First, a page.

The reason that stories work so well with humans is because stories are essentially a reflection of how we think. We make up short stories of cause and effect for every aspect of our daily lives. We are constantly constructing narratives that might explain our day-to-day experience. We tend to apply explanations of cause and effect, utilizing what we have already experienced with the new information and then we link all of those bits into new narratives. And this is also what constitutes a story. Stories are fragments of cause and effect linked together. When we hear a new story, we try to apply it to the storehouse our own accumulated experiences or our own stories or narratives.
Stories and metaphors plant ideas into other peoples’ heads. Metaphors in particular have the exceptional capacity to activate wide ranging mental activity by stimulating the understanding of one element through the experience of another. In the imaginative hunt for similar experiences, metaphors can activate a part of the brain called the Insula, which helps to identify analogous incidents of revulsion, pain, joy or whatever else held power over our attention previously.
Let’s return to the notion of direct encounter and the power of unmediated communication in contrast to PowerPoint presentations. For the most powerful, all-encompassing experiences, it’s best not to shut the brain down to the administration of facts. In the theater, generally we hope that the audience will be fully available to the impact of direct experience. In rehearsal too, it is the rapture of direct encounter that yields the alchemy of powerful moments on the stage.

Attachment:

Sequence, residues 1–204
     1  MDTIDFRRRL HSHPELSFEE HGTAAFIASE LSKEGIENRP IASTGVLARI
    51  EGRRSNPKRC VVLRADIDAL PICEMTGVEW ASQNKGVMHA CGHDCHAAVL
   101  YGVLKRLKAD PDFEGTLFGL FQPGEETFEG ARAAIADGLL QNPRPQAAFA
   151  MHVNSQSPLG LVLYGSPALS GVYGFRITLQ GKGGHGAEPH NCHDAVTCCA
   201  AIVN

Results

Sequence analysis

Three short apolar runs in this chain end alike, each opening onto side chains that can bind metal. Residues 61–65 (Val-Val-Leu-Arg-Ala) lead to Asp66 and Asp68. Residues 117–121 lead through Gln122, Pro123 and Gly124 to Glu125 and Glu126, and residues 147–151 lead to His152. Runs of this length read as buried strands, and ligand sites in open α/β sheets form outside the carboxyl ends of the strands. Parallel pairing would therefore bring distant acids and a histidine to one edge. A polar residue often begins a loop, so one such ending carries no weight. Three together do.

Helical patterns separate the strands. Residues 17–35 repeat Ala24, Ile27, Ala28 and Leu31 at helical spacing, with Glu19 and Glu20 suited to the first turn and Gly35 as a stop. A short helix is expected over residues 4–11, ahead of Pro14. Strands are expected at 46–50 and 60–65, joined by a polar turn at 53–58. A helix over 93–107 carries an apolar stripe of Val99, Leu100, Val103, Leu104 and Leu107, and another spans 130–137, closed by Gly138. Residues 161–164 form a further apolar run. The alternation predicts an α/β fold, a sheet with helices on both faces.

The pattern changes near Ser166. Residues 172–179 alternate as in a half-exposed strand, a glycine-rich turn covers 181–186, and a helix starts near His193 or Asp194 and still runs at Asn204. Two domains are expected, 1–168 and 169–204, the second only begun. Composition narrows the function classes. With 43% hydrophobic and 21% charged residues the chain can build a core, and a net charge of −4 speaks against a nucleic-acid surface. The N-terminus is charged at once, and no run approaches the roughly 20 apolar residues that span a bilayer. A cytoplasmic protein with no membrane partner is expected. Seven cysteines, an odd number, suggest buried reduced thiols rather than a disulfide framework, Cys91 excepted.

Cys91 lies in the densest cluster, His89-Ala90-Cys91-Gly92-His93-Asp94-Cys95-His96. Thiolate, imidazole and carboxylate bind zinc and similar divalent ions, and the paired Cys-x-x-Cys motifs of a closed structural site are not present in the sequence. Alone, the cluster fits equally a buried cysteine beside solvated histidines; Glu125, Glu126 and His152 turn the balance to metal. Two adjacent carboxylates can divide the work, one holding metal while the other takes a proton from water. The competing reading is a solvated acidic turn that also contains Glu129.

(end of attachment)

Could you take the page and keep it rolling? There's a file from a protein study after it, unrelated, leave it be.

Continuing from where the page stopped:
During Suzuki and Viewpoints classes, SITI Company asks that the participants not take notes, even when watching. The act of recording what took place takes one away from the very next thing that happens in the room. We encourage participants to write notes after class but not during class. In class we ask for full engagement and experience without the bookkeeping brain dominating.
In Paris, in 1971, writer Deirdre Bair met with Samuel Beckett to request permission to conduct extensive interviews with him for what would become a definitive biography about the playwright. Beckett granted Bair consent but on the condition that she not tape-record their conversations or even take notes while together. Bair agreed nervously. During their nearly three hundred interviews, she listened closely to Beckett who described countless details about his life and work. Then she rushed back to her hotel room to quickly tape-record her memories of Beckett’s words that day. From this she constructed a readable and consequential biography published in 1978.
Perhaps Beckett understood that an unmediated connection between Bair and him would reap more riches than standard interview techniques that depend upon recording and recounting. Perhaps he trusted the event of their human connection from moment to moment more than any act of reported facts. Perhaps what happened between them, together with Bair’s reconstructed memories of their direct encounters, is what makes her biography of Beckett successful and interesting.